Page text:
Now, today’s review:
Blue, by Nananan Kiriko, was published by MAG Comics in 1997. Stuck as it was in the limbo space between the tough girl epics of the 1980’s and the new wave of yuri in the early twentieth century (that would be now…), this manga reads like a tentative probe into a sensitive spot.
Blue has a simple storyline – Kayako is a recent transfer student to a seaside school, still tentatively making friends. She becomes interested in the girl who sits in front of her and never really interacts with anyone. One day, on a whim, Kayako invites the girl, Masami, to join her and her classmates for lunch and a new friendship is born. Masami seems nice enough and she and Kayako start spending more and more time together.
One night, Kayako goes out with a few friends to an arranged drinking party with some guys. She ends up at a hotel with one of the guys, but afterwards, she realizes that it was pretty pathetic of her, because she’s fallen in love with Masami. Shortly therafter, she and Masami share their first kiss.
Their relationship becomes a little more exclusive, so when Kayako’s friend who had set up the drinking party comes in screaming at Kayako, she’s really taken aback. The friend is appalled at Kayako for sleeping with the guy *she* liked…for sleeping with him at all, really. In the following days, Kayako is quietly shunned by her circle of friends, but she and Masami become closer than ever – they decide to move to Tokyo together when they graduate, etc, etc.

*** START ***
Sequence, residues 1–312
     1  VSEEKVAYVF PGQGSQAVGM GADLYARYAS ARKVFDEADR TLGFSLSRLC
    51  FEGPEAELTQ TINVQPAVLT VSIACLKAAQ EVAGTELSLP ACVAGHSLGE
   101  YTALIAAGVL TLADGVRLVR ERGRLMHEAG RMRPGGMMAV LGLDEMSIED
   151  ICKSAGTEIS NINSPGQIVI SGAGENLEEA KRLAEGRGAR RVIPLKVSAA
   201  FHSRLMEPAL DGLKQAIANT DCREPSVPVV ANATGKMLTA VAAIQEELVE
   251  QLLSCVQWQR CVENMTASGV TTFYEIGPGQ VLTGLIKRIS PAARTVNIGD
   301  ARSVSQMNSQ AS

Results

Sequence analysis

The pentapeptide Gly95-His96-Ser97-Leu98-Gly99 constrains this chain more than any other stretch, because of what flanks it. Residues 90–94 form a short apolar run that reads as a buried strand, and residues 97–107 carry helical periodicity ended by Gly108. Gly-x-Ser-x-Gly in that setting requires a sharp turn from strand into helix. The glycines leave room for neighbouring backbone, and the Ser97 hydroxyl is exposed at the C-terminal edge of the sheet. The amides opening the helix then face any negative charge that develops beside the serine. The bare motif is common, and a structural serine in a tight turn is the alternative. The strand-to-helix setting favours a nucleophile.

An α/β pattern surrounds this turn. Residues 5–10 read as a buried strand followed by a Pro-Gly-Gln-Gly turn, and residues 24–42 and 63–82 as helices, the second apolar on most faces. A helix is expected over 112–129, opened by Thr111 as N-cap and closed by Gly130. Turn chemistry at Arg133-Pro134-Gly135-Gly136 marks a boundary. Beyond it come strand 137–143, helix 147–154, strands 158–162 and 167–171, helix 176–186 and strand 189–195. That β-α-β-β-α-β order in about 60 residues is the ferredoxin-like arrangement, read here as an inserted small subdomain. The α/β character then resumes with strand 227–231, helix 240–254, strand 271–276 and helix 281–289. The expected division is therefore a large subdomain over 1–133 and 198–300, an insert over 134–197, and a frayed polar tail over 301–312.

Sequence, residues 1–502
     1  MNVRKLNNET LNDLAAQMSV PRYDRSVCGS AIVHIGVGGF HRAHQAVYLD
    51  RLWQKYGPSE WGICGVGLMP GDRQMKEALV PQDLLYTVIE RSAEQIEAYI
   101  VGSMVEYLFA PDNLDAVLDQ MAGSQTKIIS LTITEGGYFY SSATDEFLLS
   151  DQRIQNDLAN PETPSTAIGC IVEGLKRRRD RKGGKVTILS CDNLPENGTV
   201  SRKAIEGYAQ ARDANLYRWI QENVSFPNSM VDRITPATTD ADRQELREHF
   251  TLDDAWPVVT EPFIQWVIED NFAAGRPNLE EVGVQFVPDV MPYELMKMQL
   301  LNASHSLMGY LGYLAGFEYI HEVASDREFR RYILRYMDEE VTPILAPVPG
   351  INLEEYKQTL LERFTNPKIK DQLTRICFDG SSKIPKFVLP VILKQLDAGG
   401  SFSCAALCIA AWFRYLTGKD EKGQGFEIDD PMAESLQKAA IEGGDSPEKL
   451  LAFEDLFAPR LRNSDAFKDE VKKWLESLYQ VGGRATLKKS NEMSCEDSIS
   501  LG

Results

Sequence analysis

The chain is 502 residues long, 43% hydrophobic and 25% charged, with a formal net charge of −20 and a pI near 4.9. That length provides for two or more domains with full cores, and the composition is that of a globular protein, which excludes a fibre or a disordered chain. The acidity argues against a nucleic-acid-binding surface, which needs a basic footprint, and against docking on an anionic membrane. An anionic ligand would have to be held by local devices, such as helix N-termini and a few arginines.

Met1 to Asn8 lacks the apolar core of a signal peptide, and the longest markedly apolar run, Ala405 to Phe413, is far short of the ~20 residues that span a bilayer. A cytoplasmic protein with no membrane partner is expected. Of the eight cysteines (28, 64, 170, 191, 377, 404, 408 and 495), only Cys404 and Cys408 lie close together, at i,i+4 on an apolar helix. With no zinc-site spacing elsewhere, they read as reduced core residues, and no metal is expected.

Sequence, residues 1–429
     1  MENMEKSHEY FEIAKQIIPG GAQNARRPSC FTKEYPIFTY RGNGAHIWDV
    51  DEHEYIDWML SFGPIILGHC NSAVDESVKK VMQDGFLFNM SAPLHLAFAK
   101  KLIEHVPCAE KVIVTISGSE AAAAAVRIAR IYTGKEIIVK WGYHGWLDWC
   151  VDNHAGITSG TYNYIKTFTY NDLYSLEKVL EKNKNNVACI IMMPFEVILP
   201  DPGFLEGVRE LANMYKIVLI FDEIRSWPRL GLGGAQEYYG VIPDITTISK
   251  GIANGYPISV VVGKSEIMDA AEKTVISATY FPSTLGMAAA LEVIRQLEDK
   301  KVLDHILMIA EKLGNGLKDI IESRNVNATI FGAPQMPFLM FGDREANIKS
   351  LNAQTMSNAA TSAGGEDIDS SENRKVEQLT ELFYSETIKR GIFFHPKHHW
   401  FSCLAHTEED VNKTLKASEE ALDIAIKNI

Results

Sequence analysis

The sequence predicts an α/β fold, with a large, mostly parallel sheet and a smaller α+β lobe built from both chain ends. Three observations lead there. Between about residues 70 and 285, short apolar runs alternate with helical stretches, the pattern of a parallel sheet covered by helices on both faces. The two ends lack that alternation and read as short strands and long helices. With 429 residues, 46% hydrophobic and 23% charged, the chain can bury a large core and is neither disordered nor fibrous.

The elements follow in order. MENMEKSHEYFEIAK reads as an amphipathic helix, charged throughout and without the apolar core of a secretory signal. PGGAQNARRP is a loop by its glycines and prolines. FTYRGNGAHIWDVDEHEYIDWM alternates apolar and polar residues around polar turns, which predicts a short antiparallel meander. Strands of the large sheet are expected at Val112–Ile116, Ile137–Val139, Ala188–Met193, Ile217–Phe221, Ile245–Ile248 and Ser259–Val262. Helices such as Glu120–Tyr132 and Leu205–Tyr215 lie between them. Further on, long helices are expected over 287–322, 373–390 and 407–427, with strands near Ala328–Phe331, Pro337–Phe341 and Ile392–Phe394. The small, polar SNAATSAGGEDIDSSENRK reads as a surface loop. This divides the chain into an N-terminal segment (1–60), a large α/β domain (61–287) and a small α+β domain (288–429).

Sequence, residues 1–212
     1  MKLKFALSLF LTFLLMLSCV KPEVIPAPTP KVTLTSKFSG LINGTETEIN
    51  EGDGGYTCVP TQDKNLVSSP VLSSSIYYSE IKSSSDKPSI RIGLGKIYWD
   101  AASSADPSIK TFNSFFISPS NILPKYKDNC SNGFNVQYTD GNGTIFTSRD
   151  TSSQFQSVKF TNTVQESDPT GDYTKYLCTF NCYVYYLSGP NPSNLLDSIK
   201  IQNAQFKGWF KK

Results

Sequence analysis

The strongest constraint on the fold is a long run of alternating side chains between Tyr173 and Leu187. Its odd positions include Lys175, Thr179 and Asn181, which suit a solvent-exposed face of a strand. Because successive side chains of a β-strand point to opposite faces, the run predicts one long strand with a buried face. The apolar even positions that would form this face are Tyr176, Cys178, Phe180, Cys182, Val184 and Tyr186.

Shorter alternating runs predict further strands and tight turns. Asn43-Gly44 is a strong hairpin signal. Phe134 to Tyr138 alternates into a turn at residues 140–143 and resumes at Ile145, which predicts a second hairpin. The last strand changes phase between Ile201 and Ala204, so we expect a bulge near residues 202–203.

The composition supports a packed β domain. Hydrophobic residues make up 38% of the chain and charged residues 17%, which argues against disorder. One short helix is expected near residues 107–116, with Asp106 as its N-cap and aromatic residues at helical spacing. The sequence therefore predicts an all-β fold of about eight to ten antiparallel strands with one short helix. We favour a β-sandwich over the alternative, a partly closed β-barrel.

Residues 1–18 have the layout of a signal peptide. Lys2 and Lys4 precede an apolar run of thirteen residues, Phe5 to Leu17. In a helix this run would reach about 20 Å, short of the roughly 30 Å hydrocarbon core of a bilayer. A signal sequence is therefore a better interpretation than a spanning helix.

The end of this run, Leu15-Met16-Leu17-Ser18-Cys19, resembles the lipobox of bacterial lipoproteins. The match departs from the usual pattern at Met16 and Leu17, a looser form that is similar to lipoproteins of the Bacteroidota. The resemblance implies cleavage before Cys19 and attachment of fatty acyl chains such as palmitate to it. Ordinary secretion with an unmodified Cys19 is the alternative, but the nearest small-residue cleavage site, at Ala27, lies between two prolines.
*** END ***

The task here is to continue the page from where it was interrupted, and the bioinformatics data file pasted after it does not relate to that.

But summer vacation comes and Masami disappears with no word to either her mother or Kayako. As Kayako’s happiness collapses around her, she’s forced to learn more about the Masami she didn’t know, and face her own fears and jealousies…and be more honest with her other friends.
In the end, Masami and Kayako do not stay together – there really is never any reason to believe they might, to be honest. If either one of them were male, this entire story would simply be a “first love” story and disappear into oblivion. The entire manga seems to be balanced on a pinhead of tension. There just isn’t much there, except the usual day-to-day stuff of adolescence. From my lofty perspective (adolescence was a *long* time ago now) it’s sweet, but not compelling, stuff.
In 2002, a live-action version of Blue was made. I haven’t managed to see it, yet, but I would like to, despite the fact that the movie seems like a slightly blander version of an already bland story. Despite the fact that I strongly believe that the movie-viewing audience is more than ready for a more robust story than this one. Nonetheless…Blue is not a hateful story, just sort of a nondescript, bittersweet “first love” story.
The one thing the does stand out about this manga is the art. To call it stark would be an understatement. There are no screentones, almost no shading and the characters are drawn realistically – not manga realistically, but actually realistically. This makes the story feel more real, but it makes it damn hard to tell some of the characters apart, if they have similar hair styles. Let’s face it, most mangaka can only draw one face and they stick different color hair and eyes on everyone, so we can see who is who. Take away weird hairstyles or distinct physical attributes, and all colors and most of the shading and all you have left is a bunch of nearly identical shapes. This makes Blue a little tougher than usual to follow, unless you can actually read the conversations. I was able to follow it alot better this time than I was the last time I attempted it. Assumably, one day I will actually be able to read every word with ease and it’ll all make sense. ;-)
So, Blue is only okay, but if you’re a completist and are trying to build a collection of all the Yuri manga ever, you’ll want this one too. ^_^